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A Gold Medal for the Legal Resources Centre

- Wits University

The University awarded the Legal Resources Centre (LRC) a Gold Medal for its sterling contribution to society.

The award was made to the LRC yesterday at the first ceremony of the 2017 graduations.

Receiving the award on behalf of the LRC, Janet Love, National Director of the LRC in South Africa extended her gratitude for the recognition.

I would like to convey our appreciation to the Council of Wits University for the honour and distinction bestowed upon us through this award,” she said.

Anti-apartheid stalwart , Wits alumnus and Chairman of the LRC, Advocate George Bizos, who also attended the ceremony said the recognition and award was befitting. 

”There have been fundamental changes at Wits University and I think those people who say that nothing has changed had better come to have a look. I am impressed. The Legal Resources Centre was founded by four people in the late 1970s. It became a very important organisation during the apartheid regime. It played a very important role in helping people who could not afford legal representation.”

The LRC’s contribution to society and its fight for justice for vulnerable people over the past three decades is notable. Janet Love and Advocate George Bizos at Faculty of Science graduation ceremony

It provides free legal services for vulnerable people including those who suffer discrimination by reason of race, class, gender, disability or through historical, social and economic circumstances; and those who stand up against abuse of power and corruption.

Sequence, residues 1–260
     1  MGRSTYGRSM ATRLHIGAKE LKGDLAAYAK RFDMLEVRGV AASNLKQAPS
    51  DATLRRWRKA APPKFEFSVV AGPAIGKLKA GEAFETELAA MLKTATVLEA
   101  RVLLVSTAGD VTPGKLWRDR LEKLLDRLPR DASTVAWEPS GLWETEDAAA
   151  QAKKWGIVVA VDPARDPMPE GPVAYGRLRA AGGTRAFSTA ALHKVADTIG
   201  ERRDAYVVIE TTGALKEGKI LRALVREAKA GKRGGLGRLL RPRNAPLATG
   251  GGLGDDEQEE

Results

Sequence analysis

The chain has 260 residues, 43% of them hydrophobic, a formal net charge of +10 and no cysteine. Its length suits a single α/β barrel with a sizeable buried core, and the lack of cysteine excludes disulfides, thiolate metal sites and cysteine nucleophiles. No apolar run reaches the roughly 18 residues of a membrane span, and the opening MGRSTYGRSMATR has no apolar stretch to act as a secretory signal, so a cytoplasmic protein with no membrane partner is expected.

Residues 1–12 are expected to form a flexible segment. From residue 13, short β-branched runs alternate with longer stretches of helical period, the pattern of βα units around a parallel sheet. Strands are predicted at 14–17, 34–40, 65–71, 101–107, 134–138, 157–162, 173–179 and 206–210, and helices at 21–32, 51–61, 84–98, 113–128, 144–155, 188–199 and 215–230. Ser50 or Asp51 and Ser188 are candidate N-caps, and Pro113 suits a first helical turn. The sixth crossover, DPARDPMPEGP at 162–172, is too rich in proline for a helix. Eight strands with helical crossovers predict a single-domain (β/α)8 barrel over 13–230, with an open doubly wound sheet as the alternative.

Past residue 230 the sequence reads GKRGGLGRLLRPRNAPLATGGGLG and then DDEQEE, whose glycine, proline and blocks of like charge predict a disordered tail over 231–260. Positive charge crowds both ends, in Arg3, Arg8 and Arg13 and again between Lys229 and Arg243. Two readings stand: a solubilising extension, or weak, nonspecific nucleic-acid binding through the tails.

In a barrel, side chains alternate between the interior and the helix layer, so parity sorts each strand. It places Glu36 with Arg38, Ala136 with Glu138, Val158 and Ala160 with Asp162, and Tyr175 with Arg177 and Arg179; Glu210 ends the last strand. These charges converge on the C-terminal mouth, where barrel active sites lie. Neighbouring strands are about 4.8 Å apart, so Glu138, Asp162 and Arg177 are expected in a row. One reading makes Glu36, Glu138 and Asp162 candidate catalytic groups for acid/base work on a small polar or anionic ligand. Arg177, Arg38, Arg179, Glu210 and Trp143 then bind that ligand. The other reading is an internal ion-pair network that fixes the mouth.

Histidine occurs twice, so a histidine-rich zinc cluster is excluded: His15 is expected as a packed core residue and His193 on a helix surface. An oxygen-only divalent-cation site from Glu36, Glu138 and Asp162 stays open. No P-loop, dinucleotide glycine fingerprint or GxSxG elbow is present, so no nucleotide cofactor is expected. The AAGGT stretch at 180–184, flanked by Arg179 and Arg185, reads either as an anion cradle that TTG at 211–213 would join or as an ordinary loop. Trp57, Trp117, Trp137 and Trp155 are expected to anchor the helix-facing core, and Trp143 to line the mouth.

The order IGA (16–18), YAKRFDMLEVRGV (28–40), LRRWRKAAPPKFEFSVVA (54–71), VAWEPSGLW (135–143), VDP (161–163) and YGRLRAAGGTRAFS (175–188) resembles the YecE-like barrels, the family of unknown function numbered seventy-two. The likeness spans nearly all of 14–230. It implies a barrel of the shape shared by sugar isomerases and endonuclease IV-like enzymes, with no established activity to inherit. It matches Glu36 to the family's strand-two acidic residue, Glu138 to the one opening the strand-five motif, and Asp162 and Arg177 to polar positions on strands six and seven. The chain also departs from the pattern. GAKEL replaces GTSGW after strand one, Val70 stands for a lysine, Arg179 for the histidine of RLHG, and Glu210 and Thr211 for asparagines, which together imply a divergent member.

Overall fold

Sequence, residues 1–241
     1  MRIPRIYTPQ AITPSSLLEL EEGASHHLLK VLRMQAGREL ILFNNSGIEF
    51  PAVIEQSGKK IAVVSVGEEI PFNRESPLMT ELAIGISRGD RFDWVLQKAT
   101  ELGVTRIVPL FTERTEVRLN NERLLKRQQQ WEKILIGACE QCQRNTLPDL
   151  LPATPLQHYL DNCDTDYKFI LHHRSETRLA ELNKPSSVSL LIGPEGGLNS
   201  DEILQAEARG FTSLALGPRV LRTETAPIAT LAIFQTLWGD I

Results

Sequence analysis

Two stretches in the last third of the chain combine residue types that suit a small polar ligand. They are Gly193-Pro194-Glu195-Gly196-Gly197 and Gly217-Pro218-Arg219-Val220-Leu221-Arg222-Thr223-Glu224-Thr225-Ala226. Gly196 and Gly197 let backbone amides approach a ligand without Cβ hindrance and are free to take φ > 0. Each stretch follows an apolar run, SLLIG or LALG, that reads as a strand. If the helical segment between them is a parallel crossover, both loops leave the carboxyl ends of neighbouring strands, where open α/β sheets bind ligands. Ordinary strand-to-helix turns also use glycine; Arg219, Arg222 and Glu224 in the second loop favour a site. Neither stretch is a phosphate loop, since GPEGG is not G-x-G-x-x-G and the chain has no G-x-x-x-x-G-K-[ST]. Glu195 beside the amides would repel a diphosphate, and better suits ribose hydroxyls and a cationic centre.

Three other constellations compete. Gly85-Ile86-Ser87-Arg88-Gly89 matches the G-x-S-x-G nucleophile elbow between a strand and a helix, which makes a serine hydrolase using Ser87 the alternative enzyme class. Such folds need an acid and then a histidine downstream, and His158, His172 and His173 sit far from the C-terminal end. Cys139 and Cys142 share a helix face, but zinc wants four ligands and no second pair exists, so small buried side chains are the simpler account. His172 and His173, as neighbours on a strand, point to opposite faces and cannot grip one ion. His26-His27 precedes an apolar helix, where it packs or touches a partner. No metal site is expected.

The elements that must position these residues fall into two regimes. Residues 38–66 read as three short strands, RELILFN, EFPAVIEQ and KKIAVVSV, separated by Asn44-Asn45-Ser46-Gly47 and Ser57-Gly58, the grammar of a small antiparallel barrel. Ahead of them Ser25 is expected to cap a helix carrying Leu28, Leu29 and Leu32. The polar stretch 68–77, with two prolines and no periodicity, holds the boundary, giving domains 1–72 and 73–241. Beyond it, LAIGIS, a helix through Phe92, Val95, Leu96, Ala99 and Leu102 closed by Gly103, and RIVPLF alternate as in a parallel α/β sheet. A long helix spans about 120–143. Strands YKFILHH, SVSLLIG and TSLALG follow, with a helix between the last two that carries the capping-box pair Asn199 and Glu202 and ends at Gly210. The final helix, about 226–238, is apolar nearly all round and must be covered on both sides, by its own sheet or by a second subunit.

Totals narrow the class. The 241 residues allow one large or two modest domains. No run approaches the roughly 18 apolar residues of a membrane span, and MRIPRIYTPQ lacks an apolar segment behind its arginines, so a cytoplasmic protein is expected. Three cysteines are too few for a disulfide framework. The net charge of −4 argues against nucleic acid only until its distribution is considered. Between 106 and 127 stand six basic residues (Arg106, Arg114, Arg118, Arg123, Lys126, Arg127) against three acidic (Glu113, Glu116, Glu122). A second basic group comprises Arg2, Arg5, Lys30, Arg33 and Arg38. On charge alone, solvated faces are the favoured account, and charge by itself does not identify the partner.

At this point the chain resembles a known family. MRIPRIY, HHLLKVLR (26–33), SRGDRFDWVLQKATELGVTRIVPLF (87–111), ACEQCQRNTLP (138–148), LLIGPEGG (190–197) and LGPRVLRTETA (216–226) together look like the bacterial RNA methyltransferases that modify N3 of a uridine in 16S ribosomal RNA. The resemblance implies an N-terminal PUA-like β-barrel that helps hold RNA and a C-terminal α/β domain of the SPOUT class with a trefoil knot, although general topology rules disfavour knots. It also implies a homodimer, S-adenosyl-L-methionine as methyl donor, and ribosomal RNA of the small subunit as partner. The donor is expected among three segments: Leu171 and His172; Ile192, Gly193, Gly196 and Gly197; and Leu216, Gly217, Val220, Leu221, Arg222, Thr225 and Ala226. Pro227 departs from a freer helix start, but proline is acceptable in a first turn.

During the Truth and Reconciliation Commission hearings, the LRC represented several families of victims of apartheid.

It successfully opposed, amongst others, the application for amnesty relating to the torture and death in detention of Steve Biko, the deaths of the Craddock Four, the application brought by Eugene De Kock and the amnesty of the Civil Co-operation Bureau.

In land struggles, the LRC’s lawyers played a key role in land legislation drafting and policy formulation processes. The LRC pioneered the first rural land claims as well as the legal and institutional frameworks for community landholding arrangements. For example, the Mfengu and Riemvasmaak cases were initiated before 1994. While Riemvasmaak successfully secured the return of  74 000ha of state land, the Mfengu were the first community in South Africa to have their ownership of 19 white-owned farms in the Tsitsikamma restored.

The LRC continues to be at the forefront of using the law in the pursuit of justice and freedom. One of its major successes is the 11 years of work in litigating against Anglo American on behalf of a group of miners suffering from silicosis. Judgment in the Silicosis Class Action matter was handed down on 13 May 2016 by the High Court certifying classes of mineworkers involving workers from 82 mines, owned by one (or more) of the 30 named respondents. In addition, the High Court declared that any claim that has been made for general damages will be made transmissible to the claimant’s estate if he dies prior to the finalisation of the case. This decision is a landmark development in the jurisprudence of class action litigation.

”The LRC seeks to advance development, equality and dignity, enabling our Constitution to use the law to make our constitutional framework deliver on its promise to all in South Africa. Yes, we provide free legal service to vulnerable people. We do this in a manner that is intended to deliver on the promise. It is intended to ensure that those who suffer discrimination. It is to deliver an alternative to them,” says Love.

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